Indexed on: 13 Jun '08Published on: 13 Jun '08Published in: Respiration; international review of thoracic diseases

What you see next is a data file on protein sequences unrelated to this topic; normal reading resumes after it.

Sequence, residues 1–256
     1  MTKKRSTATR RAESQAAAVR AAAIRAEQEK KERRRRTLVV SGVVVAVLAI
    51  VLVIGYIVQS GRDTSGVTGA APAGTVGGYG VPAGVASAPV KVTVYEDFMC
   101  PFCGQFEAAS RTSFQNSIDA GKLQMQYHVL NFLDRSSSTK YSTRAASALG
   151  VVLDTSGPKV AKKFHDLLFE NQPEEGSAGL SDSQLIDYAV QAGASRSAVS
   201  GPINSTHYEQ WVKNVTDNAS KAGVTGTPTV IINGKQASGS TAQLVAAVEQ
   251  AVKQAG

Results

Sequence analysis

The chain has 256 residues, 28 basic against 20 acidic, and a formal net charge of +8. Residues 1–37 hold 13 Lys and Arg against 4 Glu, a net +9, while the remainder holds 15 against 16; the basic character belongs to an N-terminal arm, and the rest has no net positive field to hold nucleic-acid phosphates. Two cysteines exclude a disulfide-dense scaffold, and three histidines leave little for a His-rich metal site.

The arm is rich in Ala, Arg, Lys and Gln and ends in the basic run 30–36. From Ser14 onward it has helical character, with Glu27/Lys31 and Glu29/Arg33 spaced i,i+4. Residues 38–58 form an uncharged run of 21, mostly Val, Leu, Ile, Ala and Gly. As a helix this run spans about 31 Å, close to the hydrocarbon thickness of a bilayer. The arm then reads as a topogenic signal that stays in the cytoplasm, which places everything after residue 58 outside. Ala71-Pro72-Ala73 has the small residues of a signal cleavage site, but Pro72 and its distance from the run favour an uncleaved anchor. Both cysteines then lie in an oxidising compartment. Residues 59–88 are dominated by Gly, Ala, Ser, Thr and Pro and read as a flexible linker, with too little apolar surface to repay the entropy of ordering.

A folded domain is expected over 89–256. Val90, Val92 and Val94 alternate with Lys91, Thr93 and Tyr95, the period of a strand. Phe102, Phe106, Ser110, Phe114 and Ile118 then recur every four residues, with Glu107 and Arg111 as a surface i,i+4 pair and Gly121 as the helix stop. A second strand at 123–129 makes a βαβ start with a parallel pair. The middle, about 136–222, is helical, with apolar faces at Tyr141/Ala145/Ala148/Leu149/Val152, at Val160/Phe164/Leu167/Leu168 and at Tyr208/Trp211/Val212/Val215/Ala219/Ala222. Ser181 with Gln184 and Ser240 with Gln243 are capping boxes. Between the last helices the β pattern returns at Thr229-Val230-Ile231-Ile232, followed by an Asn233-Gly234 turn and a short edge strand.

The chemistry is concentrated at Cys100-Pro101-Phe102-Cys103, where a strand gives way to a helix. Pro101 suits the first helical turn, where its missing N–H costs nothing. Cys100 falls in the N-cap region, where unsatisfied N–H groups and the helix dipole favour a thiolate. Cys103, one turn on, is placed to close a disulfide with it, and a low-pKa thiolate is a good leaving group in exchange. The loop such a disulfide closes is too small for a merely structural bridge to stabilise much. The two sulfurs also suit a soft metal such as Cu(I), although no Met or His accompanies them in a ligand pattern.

Strategies aiming at reducing antibiotic use are required in the intensive care unit (ICU). Although antibiotic treatment is recommended in patients with severe exacerbation of chronic obstructive pulmonary disease (COPD), a bacterial etiology is found in only a half of these patients.The aim of this study was to determine factors predicting bacterial isolation in severe acute exacerbations of COPD.All patients with severe acute exacerbation of COPD requiring intubation and mechanical ventilation were included in this prospective observational cohort study. At ICU admission, information on endotracheal aspirate purulence and hyperthermia was collected. In all patients, Gram stain and quantitative endotracheal aspirate culture (positive at 10(6) cfu/ml) were performed. In addition, leukocyte count, C-reactive protein and procalcitonin (PCT) levels were measured.Ninety-eight severe acute exacerbations of COPD requiring intubation and mechanical ventilation were studied. Forty-nine bacteria were isolated at significant threshold in 40 exacerbations. Streptococcus pneumoniae (16%), methicillin-sensitive Staphylococcus aureus (16%) and Hemophilus influenzae (14%) were the most frequently isolated bacteria. PCT >0.5 ng/ml and positive Gram stain of endotracheal aspirate were independently associated with bacterial isolation in severe acute exacerbation of COPD. Positive Gram stain and PCT >0.5 ng/ml had a negative predictive value >95%. Similar results were found after excluding patients with prior antibiotic treatment.Positive Gram stain of endotracheal aspirate and PCT >0.5 ng/ml are independently associated with bacterial isolation in severe acute exacerbation of COPD. These results could be helpful for future interventional studies aiming at reducing antibiotic use in these patients.